Scott Fowler

Wonderful Wegher: It’s very early, but Panthers rookie has flashed promise

Carolina’s Brandon Wegher (32) spiked the ball at his four-year-old son’s request after his first touchdown against Miami Saturday night. The Panthers won, 31-30.
Carolina’s Brandon Wegher (32) spiked the ball at his four-year-old son’s request after his first touchdown against Miami Saturday night. The Panthers won, 31-30.

For two straight games now, Brandon Wegher has been one of the unlikely standouts of one-point exhibition wins for the Carolina Panthers.

The undrafted rookie free agent scored once – on a 42-yard pass – in Carolina’s 25-24 win against Buffalo on Aug. 14. Then he doubled down by scoring twice – on runs of 9 and 4 yards – in Carolina’s 31-30 home win against Miami Saturday night. Wegher and quarterback Joe Webb have been the brightest stars in both those victories.

“He’s been doing a great job,” Webb said. “I’ve been looking for him every time I’m in trouble – you know, ‘Where’s Brandon?’ And he comes to save the day.”

Some of this is soon going to fade away, when the regular season starts and third-stringers don’t play other third-stringers in the fourth quarter with games on the line. But maybe not all of it. Wegher is on the brink of making the Panthers’ team – or at least the practice squad – after an uneven college career in which he enrolled in four colleges.

Said Panthers coach Ron Rivera late Saturday night of Wegher: “Brandon is an interesting young man. .... He and Cameron Artis-Payne are two young, exciting backs. Brandon is most certainly going to make it tough on us as we try to figure out who our 53 are. He really is deserving of our attention right now.”

Of his chances to win a spot on the 53-man roster, Wegher said: “I don’t know. It’s up in the air. The only thing I can do is come in every day and fight for a job.”

Wegher said that while keeping a protective arm on his 4-year-old son, Brody, in the Panthers locker room. Brody wore a “Dad 32” jersey to mimic his father’s number and carefully spelled his first name for reporters. “He just started preschool,” Wegher said proudly.

Brody told his father to spike the ball if he scored Saturday night, and sure enough Wegher executed a flawless between-the-legs spike after his first TD.

“The most difficult thing for me has been being away from my family,” Wegher said of his son and his fiance, Megan Glisar, who is an All-American college high jumper in South Dakota. “My family is still up in South Dakota. This is the first time I’ve seen Brody since camp started (July 29).”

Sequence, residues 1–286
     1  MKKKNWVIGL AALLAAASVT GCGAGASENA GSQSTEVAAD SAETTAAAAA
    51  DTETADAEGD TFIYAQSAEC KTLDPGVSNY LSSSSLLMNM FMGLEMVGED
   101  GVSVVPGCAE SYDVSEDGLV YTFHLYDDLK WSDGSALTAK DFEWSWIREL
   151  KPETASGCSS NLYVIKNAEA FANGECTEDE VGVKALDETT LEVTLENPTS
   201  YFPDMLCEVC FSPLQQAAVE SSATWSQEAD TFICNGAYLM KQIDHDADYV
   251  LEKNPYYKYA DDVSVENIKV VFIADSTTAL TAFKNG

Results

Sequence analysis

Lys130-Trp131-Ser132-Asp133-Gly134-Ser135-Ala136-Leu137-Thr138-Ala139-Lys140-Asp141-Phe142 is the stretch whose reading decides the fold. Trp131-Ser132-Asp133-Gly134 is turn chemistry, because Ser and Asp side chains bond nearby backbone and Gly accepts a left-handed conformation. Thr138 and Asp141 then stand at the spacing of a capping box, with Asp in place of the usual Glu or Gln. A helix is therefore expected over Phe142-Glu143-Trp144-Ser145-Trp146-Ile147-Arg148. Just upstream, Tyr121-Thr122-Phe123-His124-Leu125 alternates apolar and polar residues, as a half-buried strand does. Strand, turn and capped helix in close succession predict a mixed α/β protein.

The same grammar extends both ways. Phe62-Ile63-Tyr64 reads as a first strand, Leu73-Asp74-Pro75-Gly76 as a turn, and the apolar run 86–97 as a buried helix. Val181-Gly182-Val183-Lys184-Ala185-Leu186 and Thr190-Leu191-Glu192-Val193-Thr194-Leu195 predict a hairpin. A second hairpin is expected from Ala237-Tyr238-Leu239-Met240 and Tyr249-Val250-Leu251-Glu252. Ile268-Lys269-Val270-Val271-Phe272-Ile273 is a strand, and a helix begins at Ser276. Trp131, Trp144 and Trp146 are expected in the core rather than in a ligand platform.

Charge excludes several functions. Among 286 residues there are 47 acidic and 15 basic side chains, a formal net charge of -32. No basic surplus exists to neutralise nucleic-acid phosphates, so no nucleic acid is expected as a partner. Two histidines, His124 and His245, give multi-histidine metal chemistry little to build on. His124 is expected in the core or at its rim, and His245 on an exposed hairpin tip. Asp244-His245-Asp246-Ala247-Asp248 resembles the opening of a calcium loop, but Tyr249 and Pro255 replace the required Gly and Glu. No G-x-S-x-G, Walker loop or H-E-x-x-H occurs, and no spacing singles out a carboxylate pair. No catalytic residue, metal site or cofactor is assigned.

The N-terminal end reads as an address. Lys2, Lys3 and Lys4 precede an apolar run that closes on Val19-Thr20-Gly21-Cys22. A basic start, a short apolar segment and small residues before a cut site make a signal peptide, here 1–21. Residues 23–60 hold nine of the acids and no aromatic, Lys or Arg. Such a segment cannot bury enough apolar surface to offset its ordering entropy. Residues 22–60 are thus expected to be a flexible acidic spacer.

Wegher’s latest move, to Charlotte, came after he wasn’t drafted in the 2015 draft despite rushing for an NAIA-record 2,610 yards at Morningside (Iowa) College. At 5-10 and 215 pounds, Wegher isn’t particularly big, but NFL teams might also been scared off by character concerns.

Wegher scored eight touchdowns as a freshman at Iowa, his original school, but by the next season had left the team for undisclosed personal reasons.

He would later briefly go to school at Oklahoma and Iowa Western but didn’t play in either place. He was arrested once on a misdemeanor charge of public intoxication and later arrested for misdemeanor domestic assault after an altercation with his brother (who did not sustain serious injuries).

He wound up reviving his football career at Morningside, where he was once again a star but at a much lower level of college football. Wegher told The Observer in May he had received “second, third and fourth” chances to make it and was determined not to let this one slip.

With the Panthers, Wegher has sometimes struggled in pass protection. But in space with the ball, he is dangerous. He is tied for the NFL lead in preseason touchdowns with three.

“Great vision, great speed, he break tackles – he’s a complete back,” Webb said.

The final roster spot at running back could come down to Wegher and Fozzy Whittaker, who was a preseason star much like Wegher only one year ago and scored a touchdown in Carolina’s playoff win against Arizona but who has yet to perform as well this preseason.

Wegher does not seem to be one for drama. This is the way he described his two TDs Saturday: “The first one, that was my first play of the game. I just got in there, had my reads and found my way to the end zone. The second one, I broke it outside and found the end zone again.”

Then again, drama cropped up in his life with regularity in the early part of his collegiate life.

Now 24, Wegher said he has put those mistakes behind him and believes he can succeed in the NFL. Two exhibitions is a very limited sample size, but so far it looks like he just might be right.